The experiments demonstrate our strategy is scalable and provide clusters of good quality when it is compared to other clustering algorithms. At the same time, it allows to find complex patterns from arbitrary data distributions, irregular or not.
The rest of our work is organized as follow: Section 2 presents the related work, Section 3 details the proposed algorithm, Section 4 shows the experiments and Section 5 presents our remarks and points out future works.
|ISSN||Print : 2321-3906, Online : 2321-7146|
This paper presents a grouping algorithm named Path Clustering. It is a clustering grid algorithm that divides data space in segments limited by square shapes called tiles. The way used to navigate from one tile to another provides a new faster strategy to group data. It uses a greedy strategy, navigating through local neighbors following a specific path. Tiles containing one or more points separated by tiles containing no points receive different colors. Different colors indicate different groups.
After allocating data items (points) in geometric shapes in tile format, the complexity of our algorithm is related to the number of tiles instead of the number of points. Thus, the number of tiles is fundamental to reduce the complexity of our algorithm. In our strategy, a tile is represented by a square shape and the square-side size is a number related to a concept named Resolution Scale. In order to keep a balance between low complexity and good results for different data distributions, we proposed that maximum Resolution Scale should provide a complexity of O(n), reducing space in memory and time of processing when compared to other algorithms.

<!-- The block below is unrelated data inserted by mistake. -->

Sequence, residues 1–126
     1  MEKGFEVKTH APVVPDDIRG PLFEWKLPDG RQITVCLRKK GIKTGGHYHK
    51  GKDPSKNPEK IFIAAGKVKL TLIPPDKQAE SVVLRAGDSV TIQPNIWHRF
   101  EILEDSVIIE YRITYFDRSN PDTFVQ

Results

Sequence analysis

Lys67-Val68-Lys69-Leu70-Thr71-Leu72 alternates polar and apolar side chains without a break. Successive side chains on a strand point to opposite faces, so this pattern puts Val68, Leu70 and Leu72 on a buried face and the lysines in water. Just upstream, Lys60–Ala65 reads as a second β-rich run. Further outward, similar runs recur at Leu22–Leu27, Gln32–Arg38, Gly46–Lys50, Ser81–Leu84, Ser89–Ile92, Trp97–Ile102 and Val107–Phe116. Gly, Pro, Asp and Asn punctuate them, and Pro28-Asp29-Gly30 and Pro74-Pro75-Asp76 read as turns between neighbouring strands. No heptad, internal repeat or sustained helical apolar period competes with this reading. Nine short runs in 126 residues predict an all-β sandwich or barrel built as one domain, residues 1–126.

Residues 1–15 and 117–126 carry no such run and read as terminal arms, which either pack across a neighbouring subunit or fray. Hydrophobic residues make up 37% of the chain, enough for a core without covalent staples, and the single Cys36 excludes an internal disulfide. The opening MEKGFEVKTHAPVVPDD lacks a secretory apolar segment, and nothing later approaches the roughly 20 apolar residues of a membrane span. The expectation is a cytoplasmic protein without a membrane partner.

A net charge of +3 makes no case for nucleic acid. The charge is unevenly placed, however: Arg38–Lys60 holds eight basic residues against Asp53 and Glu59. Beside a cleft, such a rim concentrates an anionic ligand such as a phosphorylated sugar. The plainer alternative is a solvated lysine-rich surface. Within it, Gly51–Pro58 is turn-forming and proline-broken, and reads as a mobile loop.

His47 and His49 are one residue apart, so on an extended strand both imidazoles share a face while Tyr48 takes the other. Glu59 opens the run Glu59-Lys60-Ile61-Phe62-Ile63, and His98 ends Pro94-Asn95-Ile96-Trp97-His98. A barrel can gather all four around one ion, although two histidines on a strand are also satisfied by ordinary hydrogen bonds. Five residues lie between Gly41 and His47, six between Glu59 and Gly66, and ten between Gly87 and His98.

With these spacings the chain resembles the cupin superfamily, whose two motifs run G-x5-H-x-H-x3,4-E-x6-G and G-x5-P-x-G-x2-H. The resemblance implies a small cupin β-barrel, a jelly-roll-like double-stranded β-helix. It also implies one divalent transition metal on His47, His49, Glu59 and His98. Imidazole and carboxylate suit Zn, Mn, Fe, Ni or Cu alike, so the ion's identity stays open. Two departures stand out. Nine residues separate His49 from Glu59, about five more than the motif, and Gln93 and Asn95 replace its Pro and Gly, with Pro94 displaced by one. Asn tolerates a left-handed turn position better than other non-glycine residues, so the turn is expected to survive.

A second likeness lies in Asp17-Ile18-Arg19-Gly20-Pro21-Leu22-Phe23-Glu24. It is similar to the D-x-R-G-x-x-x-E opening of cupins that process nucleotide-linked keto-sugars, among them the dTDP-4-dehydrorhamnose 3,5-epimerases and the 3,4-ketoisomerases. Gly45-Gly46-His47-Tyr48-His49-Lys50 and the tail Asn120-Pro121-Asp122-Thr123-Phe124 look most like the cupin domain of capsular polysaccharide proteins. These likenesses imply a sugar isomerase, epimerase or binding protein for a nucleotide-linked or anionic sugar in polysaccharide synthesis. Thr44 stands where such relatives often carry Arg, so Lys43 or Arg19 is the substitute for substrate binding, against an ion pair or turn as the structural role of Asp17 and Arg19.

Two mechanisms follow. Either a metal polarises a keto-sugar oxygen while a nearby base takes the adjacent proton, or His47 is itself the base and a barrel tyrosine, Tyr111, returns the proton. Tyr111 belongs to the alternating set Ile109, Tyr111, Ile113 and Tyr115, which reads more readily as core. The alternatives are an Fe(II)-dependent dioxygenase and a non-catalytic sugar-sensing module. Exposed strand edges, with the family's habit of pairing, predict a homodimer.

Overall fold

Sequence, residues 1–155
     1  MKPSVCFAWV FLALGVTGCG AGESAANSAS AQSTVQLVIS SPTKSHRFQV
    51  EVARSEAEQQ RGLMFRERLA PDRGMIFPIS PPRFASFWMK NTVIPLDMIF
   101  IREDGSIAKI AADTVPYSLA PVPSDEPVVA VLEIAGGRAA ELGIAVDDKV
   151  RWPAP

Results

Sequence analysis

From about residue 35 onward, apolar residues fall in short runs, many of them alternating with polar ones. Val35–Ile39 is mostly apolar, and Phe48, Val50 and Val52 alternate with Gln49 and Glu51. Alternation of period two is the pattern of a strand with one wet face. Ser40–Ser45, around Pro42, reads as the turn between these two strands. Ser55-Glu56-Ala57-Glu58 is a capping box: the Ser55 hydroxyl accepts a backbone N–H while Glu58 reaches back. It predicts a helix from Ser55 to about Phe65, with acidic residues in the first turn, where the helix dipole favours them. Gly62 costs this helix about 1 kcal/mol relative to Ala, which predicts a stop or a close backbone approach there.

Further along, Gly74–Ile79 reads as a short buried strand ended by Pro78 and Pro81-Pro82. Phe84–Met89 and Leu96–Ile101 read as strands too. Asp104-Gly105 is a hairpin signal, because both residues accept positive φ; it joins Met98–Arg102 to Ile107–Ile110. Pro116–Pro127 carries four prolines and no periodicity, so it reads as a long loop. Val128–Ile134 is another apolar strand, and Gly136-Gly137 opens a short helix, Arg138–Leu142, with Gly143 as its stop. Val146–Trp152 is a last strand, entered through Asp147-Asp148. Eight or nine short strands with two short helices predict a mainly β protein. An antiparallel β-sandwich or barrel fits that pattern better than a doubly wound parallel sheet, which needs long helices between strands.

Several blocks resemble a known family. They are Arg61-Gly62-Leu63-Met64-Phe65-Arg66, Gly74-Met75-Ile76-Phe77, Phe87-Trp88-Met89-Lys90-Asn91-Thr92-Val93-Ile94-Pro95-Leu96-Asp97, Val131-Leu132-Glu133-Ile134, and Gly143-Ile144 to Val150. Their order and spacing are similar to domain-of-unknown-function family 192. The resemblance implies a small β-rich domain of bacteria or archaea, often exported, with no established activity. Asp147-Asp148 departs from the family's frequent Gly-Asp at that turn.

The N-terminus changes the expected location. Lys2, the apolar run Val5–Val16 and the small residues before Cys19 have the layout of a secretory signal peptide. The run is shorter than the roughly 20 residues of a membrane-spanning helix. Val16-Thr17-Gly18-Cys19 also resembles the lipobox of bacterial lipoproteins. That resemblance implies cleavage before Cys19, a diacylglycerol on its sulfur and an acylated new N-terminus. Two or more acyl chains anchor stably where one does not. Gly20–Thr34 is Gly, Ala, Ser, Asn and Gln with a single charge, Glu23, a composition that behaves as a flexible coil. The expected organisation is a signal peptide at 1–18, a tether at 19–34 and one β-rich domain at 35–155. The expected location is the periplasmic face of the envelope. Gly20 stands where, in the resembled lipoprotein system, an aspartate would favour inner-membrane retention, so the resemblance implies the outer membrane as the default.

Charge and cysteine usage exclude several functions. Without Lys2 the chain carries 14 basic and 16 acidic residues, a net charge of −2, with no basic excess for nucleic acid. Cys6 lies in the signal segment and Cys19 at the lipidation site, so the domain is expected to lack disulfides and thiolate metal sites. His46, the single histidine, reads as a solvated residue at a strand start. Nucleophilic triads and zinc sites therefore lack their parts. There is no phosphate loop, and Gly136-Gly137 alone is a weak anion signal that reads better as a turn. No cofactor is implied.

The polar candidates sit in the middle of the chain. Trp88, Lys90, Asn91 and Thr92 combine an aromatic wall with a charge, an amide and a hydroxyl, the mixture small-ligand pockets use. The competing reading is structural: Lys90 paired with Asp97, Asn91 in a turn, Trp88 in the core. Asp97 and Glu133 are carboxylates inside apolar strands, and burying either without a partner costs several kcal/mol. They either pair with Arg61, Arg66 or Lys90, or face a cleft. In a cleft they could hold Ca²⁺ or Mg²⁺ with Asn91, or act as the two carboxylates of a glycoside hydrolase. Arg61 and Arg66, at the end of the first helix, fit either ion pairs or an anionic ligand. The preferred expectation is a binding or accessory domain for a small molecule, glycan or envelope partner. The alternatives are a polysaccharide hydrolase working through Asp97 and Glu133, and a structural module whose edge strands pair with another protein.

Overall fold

Other interesting characteristic is that the algorithm presented in this paper does not require parameters from users beyond the data set itself, making easier to use than many other algorithms.
It was performed a comparative experiment considering Path Clustering and other five algorithms. The experiments demonstrated our strategy is scalable using two type of distributions (Gaussian and Radial) with different number of points. Path clustering showed the best performance in terms of time. Besides, their clusters get a good precision and recall in most part of tested distributions, considering the idea of a Contiguous Cluster (Nearest neighbor or Transitive). At the same time, it allows to find complex patterns from arbitrary data distributions, irregular or not.
Path Clustering implementation used in this work did not apply concurrent computing to execute the processes. Concurrent algorithms can execute processes in parallel, reducing processing time. Thus, we intend to implement this feature in future works, allowing to reduce even more the execution time for grouping data. Besides, we intend to compare the algorithm in a high-dimensional data scenario and calculate automatically the best number of grids according to the distribution and number of points.